It’s different everywhere indeed, but usually it’s not the sort of environment in which one gets to talk to others. Usually we go there to learn the basics of the Catechism in order to be prepared for the Sacraments, and we are supposed to do our own reading While the Compendium (at least) should be a must, there are good RCIA textbooks out there.
Often there is a small exam at the end of RCIA, but not always :shrug:
Finally, in the end the class may practice for the Mass in order to know what to do and when
I am so excited for you, you have no idea just how much I love RCIA per se simply because I remember my own experience, and just how amazing that once-in-a-lifetime Mass felt. When the Bishop and the priests laid their hands on us…that was the one moment I’ll never forget.
Also do be patient…often RCIA is not as good as it should be :shrug: They say first impressions are the ones that last, so don’t think that what you see in RCIA is a good first impression of the Church :shrug: Like a college class, whether or not the professor is a top MIT researcher or a less-than-unfriendly guy you wished you had never met, in the end it boils down to your effort into learning about the Church and the Sacraments.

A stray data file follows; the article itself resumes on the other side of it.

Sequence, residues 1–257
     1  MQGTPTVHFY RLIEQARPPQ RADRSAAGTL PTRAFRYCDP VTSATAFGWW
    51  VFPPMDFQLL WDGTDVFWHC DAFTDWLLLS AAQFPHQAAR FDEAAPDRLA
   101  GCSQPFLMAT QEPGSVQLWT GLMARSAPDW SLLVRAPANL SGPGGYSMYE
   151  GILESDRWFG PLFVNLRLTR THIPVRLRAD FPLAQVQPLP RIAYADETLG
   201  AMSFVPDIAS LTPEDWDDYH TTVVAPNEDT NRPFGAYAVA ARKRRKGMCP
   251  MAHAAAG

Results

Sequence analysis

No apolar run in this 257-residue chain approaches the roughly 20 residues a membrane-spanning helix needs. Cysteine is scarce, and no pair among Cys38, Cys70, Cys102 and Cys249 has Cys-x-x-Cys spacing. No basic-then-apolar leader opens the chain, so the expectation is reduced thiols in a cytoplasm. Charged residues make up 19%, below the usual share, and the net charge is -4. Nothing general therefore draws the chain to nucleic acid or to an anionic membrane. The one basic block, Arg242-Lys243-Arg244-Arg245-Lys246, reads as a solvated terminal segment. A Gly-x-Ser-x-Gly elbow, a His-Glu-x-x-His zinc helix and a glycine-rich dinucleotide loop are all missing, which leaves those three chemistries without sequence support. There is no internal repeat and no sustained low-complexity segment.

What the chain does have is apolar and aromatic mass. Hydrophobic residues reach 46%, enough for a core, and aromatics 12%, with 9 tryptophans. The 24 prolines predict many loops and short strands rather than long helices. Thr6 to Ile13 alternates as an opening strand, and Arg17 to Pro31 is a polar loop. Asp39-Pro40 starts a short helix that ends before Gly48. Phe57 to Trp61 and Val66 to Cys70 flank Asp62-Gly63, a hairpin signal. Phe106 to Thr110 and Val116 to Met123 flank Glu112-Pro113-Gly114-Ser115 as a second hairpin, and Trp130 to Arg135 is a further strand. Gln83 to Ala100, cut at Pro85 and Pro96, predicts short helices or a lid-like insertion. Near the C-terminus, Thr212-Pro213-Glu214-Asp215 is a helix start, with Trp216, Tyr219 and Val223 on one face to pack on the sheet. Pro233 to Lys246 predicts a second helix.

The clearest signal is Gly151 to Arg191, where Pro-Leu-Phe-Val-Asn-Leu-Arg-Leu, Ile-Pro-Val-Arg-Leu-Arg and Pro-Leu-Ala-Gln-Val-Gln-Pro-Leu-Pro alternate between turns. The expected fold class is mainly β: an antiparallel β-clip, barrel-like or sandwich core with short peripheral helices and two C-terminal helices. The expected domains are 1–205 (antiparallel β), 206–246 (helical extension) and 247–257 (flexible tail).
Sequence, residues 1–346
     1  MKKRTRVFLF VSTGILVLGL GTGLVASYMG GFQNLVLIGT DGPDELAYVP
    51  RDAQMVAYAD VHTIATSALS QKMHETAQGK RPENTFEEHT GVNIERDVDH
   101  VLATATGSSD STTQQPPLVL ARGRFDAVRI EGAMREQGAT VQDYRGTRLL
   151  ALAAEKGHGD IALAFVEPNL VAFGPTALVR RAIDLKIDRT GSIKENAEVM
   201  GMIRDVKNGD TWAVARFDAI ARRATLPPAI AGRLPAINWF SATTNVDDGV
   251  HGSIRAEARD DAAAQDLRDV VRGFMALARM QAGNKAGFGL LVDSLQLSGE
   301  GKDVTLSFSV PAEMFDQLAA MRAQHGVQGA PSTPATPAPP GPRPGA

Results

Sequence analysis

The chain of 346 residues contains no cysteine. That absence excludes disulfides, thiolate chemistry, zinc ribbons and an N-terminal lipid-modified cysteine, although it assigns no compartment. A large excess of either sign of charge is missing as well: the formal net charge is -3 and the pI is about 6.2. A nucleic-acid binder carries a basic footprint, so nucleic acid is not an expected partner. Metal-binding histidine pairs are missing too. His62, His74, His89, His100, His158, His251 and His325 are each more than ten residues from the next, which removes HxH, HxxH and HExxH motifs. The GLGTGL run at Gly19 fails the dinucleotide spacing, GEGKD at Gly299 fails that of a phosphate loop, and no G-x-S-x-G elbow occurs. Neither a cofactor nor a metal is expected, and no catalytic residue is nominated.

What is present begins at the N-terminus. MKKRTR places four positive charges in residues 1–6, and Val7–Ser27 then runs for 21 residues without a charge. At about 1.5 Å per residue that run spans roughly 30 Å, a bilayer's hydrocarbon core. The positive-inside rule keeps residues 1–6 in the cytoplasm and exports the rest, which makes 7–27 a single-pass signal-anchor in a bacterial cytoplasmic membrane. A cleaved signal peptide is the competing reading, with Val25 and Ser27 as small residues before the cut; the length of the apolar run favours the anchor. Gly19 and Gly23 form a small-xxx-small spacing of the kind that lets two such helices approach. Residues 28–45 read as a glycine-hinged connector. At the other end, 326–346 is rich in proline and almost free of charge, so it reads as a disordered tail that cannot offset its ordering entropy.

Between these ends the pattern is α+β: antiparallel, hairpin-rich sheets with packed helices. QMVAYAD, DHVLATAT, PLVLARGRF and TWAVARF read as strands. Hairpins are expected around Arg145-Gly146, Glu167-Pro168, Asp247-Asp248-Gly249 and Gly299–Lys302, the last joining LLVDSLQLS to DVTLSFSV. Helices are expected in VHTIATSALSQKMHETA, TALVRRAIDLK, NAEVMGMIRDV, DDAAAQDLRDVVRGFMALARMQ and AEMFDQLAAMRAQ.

Remember the words of Christ to us:
You are the salt of the earth. But what good is salt if it has lost its flavor? Can you make it salty again?
Make the best use of the RCIA time, because the rest of your life you will wish that you had learned more and more about the Church and the Sacraments when you had the chance, especially when it comes to evangelizing (and to the new evangelization of our brothers in the Church) or to defending the faith.